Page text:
The Portable Steinbeck is the best introduction or reintroduction to the writings of John Steinbeck (1902-68). The volume itself is introduced usefully by the son of his long-time editor, Pascal Covici Jr. The book includes fairly stand-alone section of his big California novels, In Dubious Battle, The Grapes of Wrath, and East of Eden. I find the selections and the novels from which they were lifted overly rhetorical and prefer the tighter, shorter works. The Portable Steinbeck includes the full texts of Of Mice and Men and The Red Pony, along with three other stories from the one collection of Steinbeck short stories, The Long Valley, and three of the stories relating the appearance of a domineering Anglo family in The Pastures of Heaven.
It also includes “About Ed Ricketts,” the introduction to The Log of the Sea of Cortez. Ricketts was the marine biologist/supplier of marine samples whom Steinbeck repeatedly idealized. He provided at least the root of characters in many of his works, most directly the “Doc” character in Cannery Row and Sweet Thursday, but also Slim in Of Mice and Men, Jim Casy in The Grapes of Wrath, and Doc Burton in In Dubious Battle.
Earlier editions had part of The Moon is Down, and World War II reportage from Bombs Away and Once There Was a War. I regret that the chapter on why veterans of intense combat don’t talk about it was dropped, but approve of including the The Log of the Sea of Cortez selections, including the two-page story of The Pearl. Also, parts of Travels with Charley, including that volume’s finale about getting lost trying to get home to his Manhattan apartment, plus the Nobel Prize acceptance speech with its sweeping assertion that literature is and can only be about the perfectibility of man (that I find surprising given the focus on imperfect human institutions and characters in much of his work , the bemused reports of human foibles in his lighter work, and the explicitly anti-teleological philosophizing picked up from Ed Ricketts).
I especially enjoyed two otherwise uncollected stories. One about a family beset by gum that chewed itself and kept returning to the son’s mouth, a parody of Poe’s “Murders on the Rue Morgue” provides something of a sample of the genial reflections on Paris of The Short Reign of Pippin IV. “How Mr. Hogan robbed a bank” might inspire me to read the New England novel that preceded Steinbeck’s Nobel Prize, The Winter of Our Discontent. But the story is so perfect in itself that it’s hard to undertake reading the long book prefigured by and encapsulating it.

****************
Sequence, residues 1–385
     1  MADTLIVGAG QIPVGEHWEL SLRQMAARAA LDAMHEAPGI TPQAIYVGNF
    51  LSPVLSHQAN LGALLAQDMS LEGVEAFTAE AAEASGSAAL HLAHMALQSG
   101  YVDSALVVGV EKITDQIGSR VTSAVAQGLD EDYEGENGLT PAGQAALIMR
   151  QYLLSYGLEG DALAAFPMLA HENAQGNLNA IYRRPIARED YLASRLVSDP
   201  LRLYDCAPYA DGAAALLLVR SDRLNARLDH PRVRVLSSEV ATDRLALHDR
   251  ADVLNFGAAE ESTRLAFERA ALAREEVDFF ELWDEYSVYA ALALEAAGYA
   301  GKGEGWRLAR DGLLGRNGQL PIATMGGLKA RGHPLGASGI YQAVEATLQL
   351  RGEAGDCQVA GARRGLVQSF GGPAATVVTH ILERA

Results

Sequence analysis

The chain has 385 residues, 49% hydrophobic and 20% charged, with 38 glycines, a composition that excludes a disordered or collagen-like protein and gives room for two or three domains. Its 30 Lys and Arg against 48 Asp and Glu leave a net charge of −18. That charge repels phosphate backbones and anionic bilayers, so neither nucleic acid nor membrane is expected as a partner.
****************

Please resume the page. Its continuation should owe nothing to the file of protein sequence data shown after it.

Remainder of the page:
As those who have read my series in two clumps — of Steinbeck reviews know), I think that Steinbeck was often overly schematic, but also often wrote powerfully. Some of his lyricism convinces me, some of it seems forced to me. I am troubled by a recurrent misogyny in the worst tradition of interpreting the fall from paradise —the paradise in which there was only God and Adam and God’s creations — as Eve’s fault (Steinbeck combined the serpent with Eve into one menacing character and exculpated Adam—and not just in East of Eden, but in Of Mice and Men and, less directly, other works). This leitmotif is blessedly little in evidence in The Portable Steinbeck, except within Of Mice and Men. There is even a character (the teacher Miss Morgan from The Pastures of Heaven) who is neither a madonna nor a whore. Indeed, the cast of female characters also includes a shrewish wife now thankfully dead (in “The Harness”) and the dangerous stirring of female sexual desire (in “The Chrysanthemums”) and Mrs. Hogan, who is too non an entity to be classified madonna or whore.
I am confident that anyone who dislikes the contents of The Portable Steinbeck would not like other Steinbeck writings. I am less sure about the converse. Much of the best stuff is here, though the whimsical Steinbeck is under-represented. My own conclusions, after reading quite a lot of Steinbeck writing that I had not read in high school when I did a major paper on Steinbeck, are that (1) he was a powerful writer who can still stir readers (and would-be censors!), (2) some of what is most compelling in Steinbeck’s writing is likely to be lost on the teenage readers to whom he has been largely consigned (as in my high school term-paper-writing self), and (3) (like Hemingway) he wrote quite a bit of second-rate stuff, some of which is mildly entertaining. Both from noting the obsessions that recur in his writings and from having read a biography (by Jay Parini), I have concluded that, (4) like so many other writers (see The Wound and the Bow), he was a seriously maimed human being.
This was part of the Steinbeck centenary writeoff I organized on epinions.
©2002, 2017, Stephen O. Murray